Why is Corrugated Cardboard used for Shipping?

It almost feels as though corrugated cardboard as a packaging item that is taken for granted. Think about it for a moment: most cardboard items are corrugated to some degree, from standard packing boxes to the really heavy-duty stuff. It’s so common we don’t notice it. But why is it so readily used for shipping?

 

As discussed in a previous blog regarding how best to package fragile items, cardboard can be a great product for padding. The ribbed cardboard sandwiched between two layers of additional cardboard is an incredibly spongy material. There’s a reason the likes of Amazon ship many of their fragile products in boxes that are enclosed within another heavy-duty box. If that parcel is bumped for whatever reason in transit, then the likelihood of being damaged is greatly reduced.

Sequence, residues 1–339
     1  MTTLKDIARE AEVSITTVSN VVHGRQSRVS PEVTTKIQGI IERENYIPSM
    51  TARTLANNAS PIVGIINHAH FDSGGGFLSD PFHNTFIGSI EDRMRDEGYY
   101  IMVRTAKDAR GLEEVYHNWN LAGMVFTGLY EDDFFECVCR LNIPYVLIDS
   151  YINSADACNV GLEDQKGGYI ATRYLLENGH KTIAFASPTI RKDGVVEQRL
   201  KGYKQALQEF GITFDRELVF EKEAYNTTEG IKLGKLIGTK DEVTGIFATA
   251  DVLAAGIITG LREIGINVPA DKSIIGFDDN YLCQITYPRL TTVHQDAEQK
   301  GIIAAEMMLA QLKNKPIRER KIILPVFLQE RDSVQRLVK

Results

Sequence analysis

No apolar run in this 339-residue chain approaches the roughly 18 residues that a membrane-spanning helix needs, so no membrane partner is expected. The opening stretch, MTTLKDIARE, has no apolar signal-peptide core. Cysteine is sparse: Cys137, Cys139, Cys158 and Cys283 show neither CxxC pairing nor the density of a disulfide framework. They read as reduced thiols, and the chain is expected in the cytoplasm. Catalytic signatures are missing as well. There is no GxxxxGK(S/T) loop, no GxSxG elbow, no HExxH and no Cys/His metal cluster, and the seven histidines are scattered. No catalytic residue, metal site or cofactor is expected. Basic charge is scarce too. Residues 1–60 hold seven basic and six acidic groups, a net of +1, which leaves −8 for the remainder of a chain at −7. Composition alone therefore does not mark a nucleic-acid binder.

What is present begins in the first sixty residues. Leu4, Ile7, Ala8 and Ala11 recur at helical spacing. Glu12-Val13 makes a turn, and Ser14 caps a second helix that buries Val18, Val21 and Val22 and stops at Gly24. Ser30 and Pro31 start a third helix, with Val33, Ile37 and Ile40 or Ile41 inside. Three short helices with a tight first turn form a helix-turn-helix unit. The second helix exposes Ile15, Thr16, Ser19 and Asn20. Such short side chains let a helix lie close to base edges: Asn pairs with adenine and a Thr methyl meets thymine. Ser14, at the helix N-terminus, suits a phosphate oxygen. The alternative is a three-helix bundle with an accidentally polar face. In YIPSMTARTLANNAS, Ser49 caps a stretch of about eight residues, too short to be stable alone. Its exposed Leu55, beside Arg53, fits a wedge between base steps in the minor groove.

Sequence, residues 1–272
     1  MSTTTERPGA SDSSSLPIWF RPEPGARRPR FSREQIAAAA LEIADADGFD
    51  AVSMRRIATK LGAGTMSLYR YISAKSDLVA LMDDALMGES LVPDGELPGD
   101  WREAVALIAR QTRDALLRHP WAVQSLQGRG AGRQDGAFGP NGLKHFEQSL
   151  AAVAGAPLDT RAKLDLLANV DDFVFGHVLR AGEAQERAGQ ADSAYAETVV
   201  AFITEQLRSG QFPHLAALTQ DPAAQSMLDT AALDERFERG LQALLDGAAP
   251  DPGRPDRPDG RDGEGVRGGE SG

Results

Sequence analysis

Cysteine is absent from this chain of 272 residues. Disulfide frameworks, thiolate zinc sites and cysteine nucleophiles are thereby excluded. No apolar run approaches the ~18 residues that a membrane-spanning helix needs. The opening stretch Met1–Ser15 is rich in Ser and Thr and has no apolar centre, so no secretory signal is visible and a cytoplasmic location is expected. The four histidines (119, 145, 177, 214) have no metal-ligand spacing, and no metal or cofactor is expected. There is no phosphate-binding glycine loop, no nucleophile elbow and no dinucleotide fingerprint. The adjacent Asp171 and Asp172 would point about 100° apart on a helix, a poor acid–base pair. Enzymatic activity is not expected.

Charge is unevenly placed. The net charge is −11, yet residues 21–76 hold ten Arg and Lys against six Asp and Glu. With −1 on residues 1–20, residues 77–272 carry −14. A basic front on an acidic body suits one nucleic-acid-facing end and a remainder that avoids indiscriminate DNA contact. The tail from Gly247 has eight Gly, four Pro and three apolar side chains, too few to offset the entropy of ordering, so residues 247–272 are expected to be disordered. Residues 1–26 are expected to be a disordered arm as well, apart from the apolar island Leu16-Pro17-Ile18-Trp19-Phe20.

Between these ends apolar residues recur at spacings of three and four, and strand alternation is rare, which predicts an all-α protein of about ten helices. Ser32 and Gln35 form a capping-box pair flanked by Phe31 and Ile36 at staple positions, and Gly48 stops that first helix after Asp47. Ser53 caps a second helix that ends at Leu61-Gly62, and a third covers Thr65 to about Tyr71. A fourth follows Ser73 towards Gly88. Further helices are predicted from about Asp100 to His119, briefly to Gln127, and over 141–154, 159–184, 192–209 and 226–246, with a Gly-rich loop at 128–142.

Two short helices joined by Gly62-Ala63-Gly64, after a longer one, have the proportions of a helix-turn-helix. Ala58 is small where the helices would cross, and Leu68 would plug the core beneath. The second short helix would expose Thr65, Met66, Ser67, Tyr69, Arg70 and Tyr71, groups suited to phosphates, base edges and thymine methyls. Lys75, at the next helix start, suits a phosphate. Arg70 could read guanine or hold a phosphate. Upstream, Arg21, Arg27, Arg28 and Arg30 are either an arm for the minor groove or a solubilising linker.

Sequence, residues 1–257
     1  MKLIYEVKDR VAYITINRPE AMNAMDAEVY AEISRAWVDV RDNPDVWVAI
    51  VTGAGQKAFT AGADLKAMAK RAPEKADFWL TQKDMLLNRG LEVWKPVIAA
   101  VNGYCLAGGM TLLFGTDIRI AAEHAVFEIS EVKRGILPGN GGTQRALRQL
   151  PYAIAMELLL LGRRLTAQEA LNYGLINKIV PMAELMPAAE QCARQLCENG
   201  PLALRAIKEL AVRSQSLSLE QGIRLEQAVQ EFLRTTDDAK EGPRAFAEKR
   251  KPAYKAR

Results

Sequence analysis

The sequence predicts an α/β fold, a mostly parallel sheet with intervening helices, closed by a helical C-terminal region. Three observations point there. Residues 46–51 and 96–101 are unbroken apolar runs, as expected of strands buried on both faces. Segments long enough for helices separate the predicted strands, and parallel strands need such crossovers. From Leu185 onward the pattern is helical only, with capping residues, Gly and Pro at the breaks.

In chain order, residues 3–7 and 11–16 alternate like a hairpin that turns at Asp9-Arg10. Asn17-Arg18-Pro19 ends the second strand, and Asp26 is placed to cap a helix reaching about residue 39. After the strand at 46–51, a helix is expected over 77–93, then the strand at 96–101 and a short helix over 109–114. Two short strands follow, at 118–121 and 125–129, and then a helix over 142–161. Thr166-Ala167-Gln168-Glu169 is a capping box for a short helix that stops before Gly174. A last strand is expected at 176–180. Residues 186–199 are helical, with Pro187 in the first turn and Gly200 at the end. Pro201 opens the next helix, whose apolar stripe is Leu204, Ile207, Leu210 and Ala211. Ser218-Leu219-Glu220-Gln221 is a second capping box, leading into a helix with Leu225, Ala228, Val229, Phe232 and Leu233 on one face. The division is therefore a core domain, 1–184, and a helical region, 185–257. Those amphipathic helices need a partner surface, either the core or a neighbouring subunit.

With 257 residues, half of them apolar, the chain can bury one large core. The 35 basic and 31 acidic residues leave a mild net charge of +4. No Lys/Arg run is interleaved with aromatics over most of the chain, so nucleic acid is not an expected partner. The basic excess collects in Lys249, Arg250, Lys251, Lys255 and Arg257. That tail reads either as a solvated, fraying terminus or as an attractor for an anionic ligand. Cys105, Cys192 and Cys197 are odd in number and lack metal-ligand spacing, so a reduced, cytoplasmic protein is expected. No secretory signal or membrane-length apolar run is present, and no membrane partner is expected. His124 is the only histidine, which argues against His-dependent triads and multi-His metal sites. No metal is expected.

On a more superficial level, paper and cardboard is relatively cheap to produce. While there is still a way to go to make paper production carbon neutral, it’s a product that can be readily recycled and reused in bulk. With many companies opting to make good on recycling quotas as the government put climate change measures in place, the cost of this is getting cheaper by the year.

 

On top of this, as mentioned in our blog on biodegradability, cardboard is biodegradable. We do not condone wanton littering because of this and would highly recommend ensuring any paper or cardboard waste is disposed of properly, but should it end up in a field somewhere, or even in the ocean, it will eventually dissipate over the course of a few months.

 

So, we should celebrate this readily used and functional piece of packaging. And the next time you receive a product in the mail, take a moment to appreciate the simple robustness of corrugated cardboard.

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